The Pope focuses the homily of the Angelus on greed and passes by on the subject of his resignation

The Pope focuses the homily of the Angelus on greed and passes by on the subject of his resignation


Francis I will speak at the general audience next Wednesday about the trip to Canada

Thousands of people – some carrying Ukrainian flags and others umbrellas as a parasol to protect themselves from the sun – have come this Sunday to Saint Peter's Square for the Angelus mass, at the hands of Pope Francis, a day after opening the door to his resignation; a subject that he has not mentioned during his first public intervention since he returned from the trip to Canada.

The main theme of the Sunday address has focused on greed; “a dangerous disease for society. Because of him we come today to other paradoxes, to an injustice like never before in history, where few have much and many have little or almost nothing. In this sense, the Pontiff has pointed out that "the desire for resources and wealth almost always" has to do with the origin of wars. "How many interests are behind" them. “Certainly one of them is the arms trade; It is a scandal to which we cannot resign ourselves », he remarked.

Francis I underlined in his speech that "material goods, money, wealth... can become a cult, a true idolatry". For this reason, "God says that one cannot serve two masters, and by this he does not refer to God and the devil, nor to good or evil, but to God and riches." Can you be rich? «Of course it is possible, in fact it is right to wish it, but rich according to God. He is the richest of all, in compassion and in mercy ». He has also emphasized that "life does not depend on what you have, but on good relationships."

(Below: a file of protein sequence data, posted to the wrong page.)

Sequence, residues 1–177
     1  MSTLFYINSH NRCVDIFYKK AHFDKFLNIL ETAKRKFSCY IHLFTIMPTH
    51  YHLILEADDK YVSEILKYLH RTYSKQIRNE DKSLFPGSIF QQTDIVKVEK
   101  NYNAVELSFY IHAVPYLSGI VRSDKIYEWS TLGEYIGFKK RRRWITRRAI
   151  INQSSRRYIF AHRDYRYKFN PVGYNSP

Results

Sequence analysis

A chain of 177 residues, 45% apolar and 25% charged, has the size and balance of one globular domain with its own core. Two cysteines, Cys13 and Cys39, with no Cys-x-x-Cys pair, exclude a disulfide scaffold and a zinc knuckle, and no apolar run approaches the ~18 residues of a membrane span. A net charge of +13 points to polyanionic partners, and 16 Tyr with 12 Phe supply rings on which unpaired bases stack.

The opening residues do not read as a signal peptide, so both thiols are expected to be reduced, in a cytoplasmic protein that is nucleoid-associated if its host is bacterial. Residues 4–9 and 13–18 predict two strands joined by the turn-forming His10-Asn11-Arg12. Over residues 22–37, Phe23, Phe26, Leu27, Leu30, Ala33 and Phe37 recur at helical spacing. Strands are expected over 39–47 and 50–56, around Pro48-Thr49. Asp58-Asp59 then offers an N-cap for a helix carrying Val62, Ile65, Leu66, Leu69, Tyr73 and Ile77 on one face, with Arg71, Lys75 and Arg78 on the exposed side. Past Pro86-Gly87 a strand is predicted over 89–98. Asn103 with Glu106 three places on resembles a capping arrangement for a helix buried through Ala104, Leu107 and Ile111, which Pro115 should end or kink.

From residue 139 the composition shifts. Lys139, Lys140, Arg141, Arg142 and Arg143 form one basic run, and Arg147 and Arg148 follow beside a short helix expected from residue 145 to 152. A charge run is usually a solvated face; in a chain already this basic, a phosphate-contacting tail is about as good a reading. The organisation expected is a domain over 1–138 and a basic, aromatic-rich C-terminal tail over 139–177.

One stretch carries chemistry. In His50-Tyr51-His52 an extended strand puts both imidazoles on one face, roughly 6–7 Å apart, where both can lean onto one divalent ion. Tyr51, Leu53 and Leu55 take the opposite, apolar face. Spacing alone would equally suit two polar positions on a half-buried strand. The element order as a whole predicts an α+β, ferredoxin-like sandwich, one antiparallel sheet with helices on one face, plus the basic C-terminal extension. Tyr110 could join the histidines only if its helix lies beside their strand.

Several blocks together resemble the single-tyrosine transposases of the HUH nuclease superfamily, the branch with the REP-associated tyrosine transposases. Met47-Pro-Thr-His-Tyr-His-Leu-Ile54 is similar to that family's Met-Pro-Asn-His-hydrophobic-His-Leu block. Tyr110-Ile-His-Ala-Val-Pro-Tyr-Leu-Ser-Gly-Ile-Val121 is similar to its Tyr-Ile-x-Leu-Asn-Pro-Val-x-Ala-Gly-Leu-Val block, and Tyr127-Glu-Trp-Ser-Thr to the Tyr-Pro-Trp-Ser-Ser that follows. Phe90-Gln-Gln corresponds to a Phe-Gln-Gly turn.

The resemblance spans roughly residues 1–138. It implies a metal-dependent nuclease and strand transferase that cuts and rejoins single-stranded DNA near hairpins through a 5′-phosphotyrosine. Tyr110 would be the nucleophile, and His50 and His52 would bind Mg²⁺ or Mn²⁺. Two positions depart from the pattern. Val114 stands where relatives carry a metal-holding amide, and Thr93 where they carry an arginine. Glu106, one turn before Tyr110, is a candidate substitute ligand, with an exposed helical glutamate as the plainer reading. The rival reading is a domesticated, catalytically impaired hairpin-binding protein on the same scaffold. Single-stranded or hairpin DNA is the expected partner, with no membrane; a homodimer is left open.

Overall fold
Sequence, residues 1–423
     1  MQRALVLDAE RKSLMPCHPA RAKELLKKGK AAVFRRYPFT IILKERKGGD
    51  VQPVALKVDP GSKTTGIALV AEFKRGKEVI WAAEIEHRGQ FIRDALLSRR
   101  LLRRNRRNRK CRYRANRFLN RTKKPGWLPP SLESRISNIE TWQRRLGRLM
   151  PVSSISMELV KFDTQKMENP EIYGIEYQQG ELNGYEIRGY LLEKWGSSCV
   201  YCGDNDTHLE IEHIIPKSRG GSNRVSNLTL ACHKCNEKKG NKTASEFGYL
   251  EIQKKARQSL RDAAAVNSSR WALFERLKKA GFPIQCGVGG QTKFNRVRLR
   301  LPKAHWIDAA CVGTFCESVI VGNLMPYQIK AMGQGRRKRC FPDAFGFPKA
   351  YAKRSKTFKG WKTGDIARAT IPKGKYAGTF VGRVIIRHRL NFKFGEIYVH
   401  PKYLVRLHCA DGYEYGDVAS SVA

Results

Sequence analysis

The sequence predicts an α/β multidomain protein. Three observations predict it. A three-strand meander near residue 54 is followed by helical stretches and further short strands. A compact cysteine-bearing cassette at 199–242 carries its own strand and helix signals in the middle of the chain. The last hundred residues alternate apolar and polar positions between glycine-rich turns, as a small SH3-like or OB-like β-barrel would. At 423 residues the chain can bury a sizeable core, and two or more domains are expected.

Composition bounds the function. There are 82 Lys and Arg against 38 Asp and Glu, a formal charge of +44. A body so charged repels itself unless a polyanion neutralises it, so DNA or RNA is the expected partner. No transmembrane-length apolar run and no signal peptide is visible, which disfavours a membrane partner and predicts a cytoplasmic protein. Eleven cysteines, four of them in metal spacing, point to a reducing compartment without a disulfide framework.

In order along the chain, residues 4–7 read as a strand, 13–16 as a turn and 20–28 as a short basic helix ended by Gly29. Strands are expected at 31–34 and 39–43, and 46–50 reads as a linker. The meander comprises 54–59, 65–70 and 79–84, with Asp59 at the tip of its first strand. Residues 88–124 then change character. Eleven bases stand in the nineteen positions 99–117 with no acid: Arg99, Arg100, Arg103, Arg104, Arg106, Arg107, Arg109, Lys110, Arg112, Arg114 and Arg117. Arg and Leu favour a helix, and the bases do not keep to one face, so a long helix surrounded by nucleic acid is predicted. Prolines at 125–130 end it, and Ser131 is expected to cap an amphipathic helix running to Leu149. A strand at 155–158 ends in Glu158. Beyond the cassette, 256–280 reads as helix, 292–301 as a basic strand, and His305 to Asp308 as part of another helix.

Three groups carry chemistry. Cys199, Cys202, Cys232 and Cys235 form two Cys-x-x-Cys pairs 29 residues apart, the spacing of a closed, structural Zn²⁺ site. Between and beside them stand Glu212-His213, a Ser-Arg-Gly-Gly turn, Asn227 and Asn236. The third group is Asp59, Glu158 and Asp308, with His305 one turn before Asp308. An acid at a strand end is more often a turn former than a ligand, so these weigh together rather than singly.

He also mentioned the pilgrimage trip he has just made to Canada, which he will speak about at the general audience next Wednesday. During the same he has "prayed for the war in Ukraine and asked God to free the population" from the horrors of the armed conflict. "I wish you a good Sunday and please don't forget to pray." With these words he said goodbye to the parishioners gathered in Saint Peter's Square.

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